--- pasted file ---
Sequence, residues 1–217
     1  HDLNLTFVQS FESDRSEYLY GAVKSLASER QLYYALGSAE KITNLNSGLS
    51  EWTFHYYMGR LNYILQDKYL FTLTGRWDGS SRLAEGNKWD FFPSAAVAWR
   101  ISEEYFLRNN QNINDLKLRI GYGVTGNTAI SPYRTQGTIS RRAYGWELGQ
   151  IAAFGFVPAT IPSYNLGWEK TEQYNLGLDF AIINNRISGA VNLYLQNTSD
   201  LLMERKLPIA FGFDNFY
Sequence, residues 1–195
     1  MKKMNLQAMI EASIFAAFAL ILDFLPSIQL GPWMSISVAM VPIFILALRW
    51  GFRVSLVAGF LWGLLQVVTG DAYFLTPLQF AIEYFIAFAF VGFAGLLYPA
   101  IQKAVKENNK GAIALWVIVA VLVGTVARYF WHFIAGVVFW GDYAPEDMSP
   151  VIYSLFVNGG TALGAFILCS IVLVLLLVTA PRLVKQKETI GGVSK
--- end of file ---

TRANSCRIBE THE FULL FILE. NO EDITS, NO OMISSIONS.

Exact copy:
Sequence, residues 1–217
     1  HDLNLTFVQS FESDRSEYLY GAVKSLASER QLYYALGSAE KITNLNSGLS
    51  EWTFHYYMGR LNYILQDKYL FTLTGRWDGS SRLAEGNKWD FFPSAAVAWR
   101  ISEEYFLRNN QNINDLKLRI GYGVTGNTAI SPYRTQGTIS RRAYGWELGQ
   151  IAAFGFVPAT IPSYNLGWEK TEQYNLGLDF AIINNRISGA VNLYLQNTSD
   201  LLMERKLPIA FGFDNFY
Sequence, residues 1–195
     1  MKKMNLQAMI EASIFAAFAL ILDFLPSIQL GPWMSISVAM VPIFILALRW
    51  GFRVSLVAGF LWGLLQVVTG DAYFLTPLQF AIEYFIAFAF VGFAGLLYPA
   101  IQKAVKENNK GAIALWVIVA VLVGTVARYF WHFIAGVVFW GDYAPEDMSP
   151  VIYSLFVNGG TALGAFILCS IVLVLLLVTA PRLVKQKETI GGVSK